Emiel Cockx, Co-founder and CEO of Genvision, wrote the first version of Genvision's nature simulating software while studying architecture at UC Berkeley. To bring his buildings to life, he wanted to surround them with realistic 3D models of trees.
Since such models did not exist, and Emiel wanted to be able to generate endless realistic models instead of just a few, he decided to submerge himself in the academic world of parametric 3D modeling. After some time, he began teaching classes on the subject at UC Berkeley, in cooperation with professor Kyle Steinfeld.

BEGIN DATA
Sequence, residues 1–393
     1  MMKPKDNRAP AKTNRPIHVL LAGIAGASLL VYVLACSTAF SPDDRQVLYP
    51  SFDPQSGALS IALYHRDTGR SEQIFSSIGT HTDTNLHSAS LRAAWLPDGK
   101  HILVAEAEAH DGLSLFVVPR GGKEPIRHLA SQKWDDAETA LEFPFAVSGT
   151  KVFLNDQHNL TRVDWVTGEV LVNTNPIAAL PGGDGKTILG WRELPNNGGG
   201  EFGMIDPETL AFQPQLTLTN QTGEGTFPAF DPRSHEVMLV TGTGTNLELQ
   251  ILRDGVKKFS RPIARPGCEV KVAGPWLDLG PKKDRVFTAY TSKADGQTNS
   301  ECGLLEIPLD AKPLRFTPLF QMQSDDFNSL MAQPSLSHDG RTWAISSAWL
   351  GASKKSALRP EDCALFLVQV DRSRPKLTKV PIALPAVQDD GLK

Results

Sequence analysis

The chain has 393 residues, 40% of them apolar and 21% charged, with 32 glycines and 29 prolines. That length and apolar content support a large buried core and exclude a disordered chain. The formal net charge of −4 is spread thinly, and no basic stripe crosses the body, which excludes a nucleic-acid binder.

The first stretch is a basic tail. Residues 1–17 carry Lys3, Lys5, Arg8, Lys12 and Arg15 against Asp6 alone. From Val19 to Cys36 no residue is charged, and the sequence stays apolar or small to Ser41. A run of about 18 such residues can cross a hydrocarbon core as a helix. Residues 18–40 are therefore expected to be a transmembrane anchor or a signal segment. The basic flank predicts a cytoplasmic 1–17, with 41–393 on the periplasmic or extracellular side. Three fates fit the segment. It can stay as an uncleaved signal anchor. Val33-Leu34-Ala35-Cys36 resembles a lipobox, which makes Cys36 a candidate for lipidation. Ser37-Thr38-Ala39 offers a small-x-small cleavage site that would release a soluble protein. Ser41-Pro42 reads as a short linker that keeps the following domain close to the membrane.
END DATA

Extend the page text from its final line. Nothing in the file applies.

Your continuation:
After graduating, Emiel decided to further develop the software that now enables Genvision to simulate natural environments in a realistic manner.
Nowadays, Genvision uses a mix of Artificial Intelligence and parametric 3D modeling to visualize, simulate and measure nature and its growth.
First, AI is used on satellite images to recognise individual trees, their species and their volume. While we do not use LiDAR to extract this information from new satellite images, our AI is trained on a combination of satellite images and LiDAR scans .
Then, the extracted information is supplemented with information about the trees' environment such as climate, soil type and access to light.
Lastly, all this information is used as input data for our parametric 3D modeling software. The result is a digital twin that is true to life